'If it wasn't for caffeine, I wouldn't have any personality at all!"

            http://mikepounders.weebly.com/
            https://www.facebook.com/pages/Mike-...61450667252958
            http://centralarkansaswoodcarvers.blogspot.com/

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            • #21
              Some people like carving pine. Construction pine is sometimes a yellow pine with little to no straight grain and lots of knots, and sometimes wears sap that is messy. I personally like to carve what Lowe’s Home Improvement calls white wood. I can usually get it with plenty of straight grain, and it’s more accessible to me than basswood, if I’m in a hurry to get started. I prefer the basswood though.

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              • #22
                Question: What kind(s) of carvings do you like to do? The answer will help you to pick woods.
                I don't want to do exquisite detail. So I don't carve alder at all and never detail in birch.
                Western red cedar and yellow cedar are just fine by me, many eastern carvers would not give those woods a second look.
                Brian T

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                • #23
                  I'll echo what others have said: carve what you enjoy carving. A lot of carvers like doing caricatures and other things that they then paint. Basswood is great for that because it's relatively soft, holds detail very well, and takes paint well, too. In general, basswood is probably the best wood for that kind of carving. But if you're enjoying yourself working with the pine, go for it! Don't feel like you're "doing it wrong" because somebody tells you that you're using the wrong kind of wood.

                  Wood carving is a big enough hobby for everybody. Not everybody enjoys making basswood carvings with lots of details, and then painting them. For example I find detail frustrating, and painting tedious. I can appreciate the skill that others have in carving and painting detailed caricatures, but it's not my thing. I prefer carvings that show off the beauty of natural wood. Basswood, for all its good qualities, is pretty boring to look at. There's a whole world of beautiful woods to discover, and I'm an avid explorer. Does that make me less of a carver? I certainly don't think so!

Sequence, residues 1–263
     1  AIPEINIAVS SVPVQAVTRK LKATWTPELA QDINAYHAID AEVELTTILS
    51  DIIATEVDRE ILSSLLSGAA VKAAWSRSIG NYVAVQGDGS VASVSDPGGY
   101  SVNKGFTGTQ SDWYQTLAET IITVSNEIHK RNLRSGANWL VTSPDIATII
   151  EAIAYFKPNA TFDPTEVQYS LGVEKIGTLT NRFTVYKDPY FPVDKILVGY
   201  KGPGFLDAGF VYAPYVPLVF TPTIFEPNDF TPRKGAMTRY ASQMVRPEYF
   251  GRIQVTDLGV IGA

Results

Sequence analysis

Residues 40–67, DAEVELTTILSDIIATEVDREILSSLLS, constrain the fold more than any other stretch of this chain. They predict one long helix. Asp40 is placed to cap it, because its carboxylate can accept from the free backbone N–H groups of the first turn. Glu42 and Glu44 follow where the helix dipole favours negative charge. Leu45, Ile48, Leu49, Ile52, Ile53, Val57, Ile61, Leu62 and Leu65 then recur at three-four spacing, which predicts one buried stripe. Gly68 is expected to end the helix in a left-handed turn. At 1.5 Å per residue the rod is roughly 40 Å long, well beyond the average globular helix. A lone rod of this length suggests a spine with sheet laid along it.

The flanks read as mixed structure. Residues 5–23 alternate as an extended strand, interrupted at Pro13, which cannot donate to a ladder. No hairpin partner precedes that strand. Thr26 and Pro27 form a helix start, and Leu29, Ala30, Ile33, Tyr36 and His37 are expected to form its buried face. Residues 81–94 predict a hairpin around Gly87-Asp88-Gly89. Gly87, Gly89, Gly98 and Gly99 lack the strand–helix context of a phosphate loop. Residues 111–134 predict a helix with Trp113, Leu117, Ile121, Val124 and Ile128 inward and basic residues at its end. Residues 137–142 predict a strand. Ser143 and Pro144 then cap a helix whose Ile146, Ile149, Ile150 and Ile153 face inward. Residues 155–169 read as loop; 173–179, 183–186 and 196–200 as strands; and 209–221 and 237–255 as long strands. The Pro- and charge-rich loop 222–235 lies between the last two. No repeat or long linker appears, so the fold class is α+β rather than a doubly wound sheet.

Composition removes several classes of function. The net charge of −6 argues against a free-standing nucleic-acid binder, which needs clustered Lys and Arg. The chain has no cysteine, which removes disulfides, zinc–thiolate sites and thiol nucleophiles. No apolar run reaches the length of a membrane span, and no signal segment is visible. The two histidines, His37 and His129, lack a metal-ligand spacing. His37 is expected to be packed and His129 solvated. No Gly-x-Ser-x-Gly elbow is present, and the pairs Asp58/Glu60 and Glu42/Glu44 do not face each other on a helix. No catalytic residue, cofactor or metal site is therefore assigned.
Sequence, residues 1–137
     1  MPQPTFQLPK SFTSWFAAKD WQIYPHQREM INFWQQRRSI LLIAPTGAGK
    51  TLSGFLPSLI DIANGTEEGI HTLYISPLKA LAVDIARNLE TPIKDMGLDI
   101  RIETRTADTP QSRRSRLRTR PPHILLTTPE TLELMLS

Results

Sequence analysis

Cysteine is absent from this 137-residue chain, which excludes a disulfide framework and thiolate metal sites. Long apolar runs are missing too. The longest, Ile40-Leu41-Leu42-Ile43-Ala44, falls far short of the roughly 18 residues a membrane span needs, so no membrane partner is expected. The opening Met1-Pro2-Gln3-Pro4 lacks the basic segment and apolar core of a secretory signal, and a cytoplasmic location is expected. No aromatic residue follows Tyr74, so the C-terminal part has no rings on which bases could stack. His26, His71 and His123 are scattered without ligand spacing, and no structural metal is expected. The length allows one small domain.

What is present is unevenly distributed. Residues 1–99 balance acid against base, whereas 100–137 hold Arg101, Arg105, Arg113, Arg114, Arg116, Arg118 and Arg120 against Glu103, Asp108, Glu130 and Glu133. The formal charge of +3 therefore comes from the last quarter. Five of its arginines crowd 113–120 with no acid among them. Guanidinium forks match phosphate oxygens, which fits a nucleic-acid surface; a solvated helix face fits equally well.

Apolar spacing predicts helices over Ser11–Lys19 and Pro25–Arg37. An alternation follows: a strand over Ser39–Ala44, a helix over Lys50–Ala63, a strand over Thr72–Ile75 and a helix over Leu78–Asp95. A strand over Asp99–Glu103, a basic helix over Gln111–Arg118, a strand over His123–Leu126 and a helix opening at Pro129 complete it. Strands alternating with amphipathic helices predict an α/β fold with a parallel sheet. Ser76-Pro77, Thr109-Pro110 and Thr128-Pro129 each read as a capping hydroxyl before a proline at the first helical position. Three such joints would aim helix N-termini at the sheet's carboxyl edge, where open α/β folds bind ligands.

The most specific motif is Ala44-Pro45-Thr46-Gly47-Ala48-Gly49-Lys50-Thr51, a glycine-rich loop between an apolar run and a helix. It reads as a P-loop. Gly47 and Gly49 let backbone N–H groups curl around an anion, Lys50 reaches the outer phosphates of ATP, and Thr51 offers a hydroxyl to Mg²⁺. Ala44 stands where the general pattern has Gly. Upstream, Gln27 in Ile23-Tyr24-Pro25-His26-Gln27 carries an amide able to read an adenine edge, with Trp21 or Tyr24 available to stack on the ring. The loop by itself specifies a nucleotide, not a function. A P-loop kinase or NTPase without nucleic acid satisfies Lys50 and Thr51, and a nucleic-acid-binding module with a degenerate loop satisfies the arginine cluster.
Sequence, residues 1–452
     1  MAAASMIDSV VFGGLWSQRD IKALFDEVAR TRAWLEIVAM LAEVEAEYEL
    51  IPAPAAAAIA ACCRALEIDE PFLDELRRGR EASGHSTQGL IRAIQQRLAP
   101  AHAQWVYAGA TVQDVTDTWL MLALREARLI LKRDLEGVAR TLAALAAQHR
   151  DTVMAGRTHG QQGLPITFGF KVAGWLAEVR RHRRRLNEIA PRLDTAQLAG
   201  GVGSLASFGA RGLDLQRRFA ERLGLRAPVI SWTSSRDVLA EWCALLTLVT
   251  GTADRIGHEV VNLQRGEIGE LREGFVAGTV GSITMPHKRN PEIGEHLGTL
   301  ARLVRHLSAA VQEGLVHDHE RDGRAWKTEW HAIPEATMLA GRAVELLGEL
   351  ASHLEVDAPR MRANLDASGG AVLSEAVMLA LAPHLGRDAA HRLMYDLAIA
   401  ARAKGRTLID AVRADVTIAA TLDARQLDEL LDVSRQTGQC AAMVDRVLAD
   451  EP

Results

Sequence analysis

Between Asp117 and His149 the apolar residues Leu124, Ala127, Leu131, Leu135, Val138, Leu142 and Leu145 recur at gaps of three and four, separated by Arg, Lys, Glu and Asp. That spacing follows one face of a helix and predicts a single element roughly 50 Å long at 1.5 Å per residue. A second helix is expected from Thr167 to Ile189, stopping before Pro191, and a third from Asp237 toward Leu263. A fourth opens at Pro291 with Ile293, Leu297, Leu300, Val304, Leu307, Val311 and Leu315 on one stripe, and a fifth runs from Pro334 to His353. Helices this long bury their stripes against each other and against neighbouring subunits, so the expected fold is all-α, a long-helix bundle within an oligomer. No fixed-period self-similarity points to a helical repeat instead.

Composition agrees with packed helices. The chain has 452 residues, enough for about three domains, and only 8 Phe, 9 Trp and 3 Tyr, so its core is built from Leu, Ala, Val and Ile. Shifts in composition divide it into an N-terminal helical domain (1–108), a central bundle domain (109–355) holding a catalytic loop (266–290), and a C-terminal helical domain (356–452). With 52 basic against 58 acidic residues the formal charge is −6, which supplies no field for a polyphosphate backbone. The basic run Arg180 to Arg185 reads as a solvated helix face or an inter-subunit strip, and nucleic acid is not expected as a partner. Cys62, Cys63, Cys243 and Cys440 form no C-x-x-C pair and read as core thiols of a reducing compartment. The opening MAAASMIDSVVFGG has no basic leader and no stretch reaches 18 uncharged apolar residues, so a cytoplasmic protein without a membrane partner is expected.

As far as I'm concerned, there are only three rules to wood carving: 1) Be safe, 2) Sharpen your tools, 3) have fun!

                  Jim

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                  • #24
                    I'm also pretty new at this but I have tried a few different woods and formed opinions. Like most I started with Basswood, I'm on a budget so it came from Amazon. Decent to carve but I find the cheaper Basswood to be nothing like those videos where Basswood cuts like butter. If you choose Basswood and can afford it buy from a good source. Tried some Tupelo but found it very hard, brittle and generally a pain if not worthless to carve with a knife, some say it's best for power carving. Lately I've been carving Mahogany and really beginning to appreciate harder woods, Cherry is next. The grain is consistent and tight, my knife cuts are crisp and the surface shines on longer slices. Takes detail very well but patience and more frequent stropping is needed.